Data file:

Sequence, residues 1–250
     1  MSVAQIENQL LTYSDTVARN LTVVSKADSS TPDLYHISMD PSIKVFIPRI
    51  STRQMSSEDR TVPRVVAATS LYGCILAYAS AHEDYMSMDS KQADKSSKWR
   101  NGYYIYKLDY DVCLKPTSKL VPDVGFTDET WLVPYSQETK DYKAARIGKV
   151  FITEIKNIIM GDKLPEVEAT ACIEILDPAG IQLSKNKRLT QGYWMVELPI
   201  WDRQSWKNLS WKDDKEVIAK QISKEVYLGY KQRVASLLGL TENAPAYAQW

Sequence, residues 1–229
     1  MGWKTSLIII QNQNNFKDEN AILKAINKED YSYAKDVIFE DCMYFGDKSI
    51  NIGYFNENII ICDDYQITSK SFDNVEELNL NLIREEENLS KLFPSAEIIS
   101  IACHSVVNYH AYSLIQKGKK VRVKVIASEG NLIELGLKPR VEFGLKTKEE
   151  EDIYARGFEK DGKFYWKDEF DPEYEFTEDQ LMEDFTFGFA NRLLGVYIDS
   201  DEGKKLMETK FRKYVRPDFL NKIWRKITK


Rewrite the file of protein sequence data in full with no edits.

Sequence, residues 1–250
     1  MSVAQIENQL LTYSDTVARN LTVVSKADSS TPDLYHISMD PSIKVFIPRI
    51  STRQMSSEDR TVPRVVAATS LYGCILAYAS AHEDYMSMDS KQADKSSKWR
   101  NGYYIYKLDY DVCLKPTSKL VPDVGFTDET WLVPYSQETK DYKAARIGKV
   151  FITEIKNIIM GDKLPEVEAT ACIEILDPAG IQLSKNKRLT QGYWMVELPI
   201  WDRQSWKNLS WKDDKEVIAK QISKEVYLGY KQRVASLLGL TENAPAYAQW

Sequence, residues 1–229
     1  MGWKTSLIII QNQNNFKDEN AILKAINKED YSYAKDVIFE DCMYFGDKSI
    51  NIGYFNENII ICDDYQITSK SFDNVEELNL NLIREEENLS KLFPSAEIIS
   101  IACHSVVNYH AYSLIQKGKK VRVKVIASEG NLIELGLKPR VEFGLKTKEE
   151  EDIYARGFEK DGKFYWKDEF DPEYEFTEDQ LMEDFTFGFA NRLLGVYIDS
   201  DEGKKLMETK FRKYVRPDFL NKIWRKITK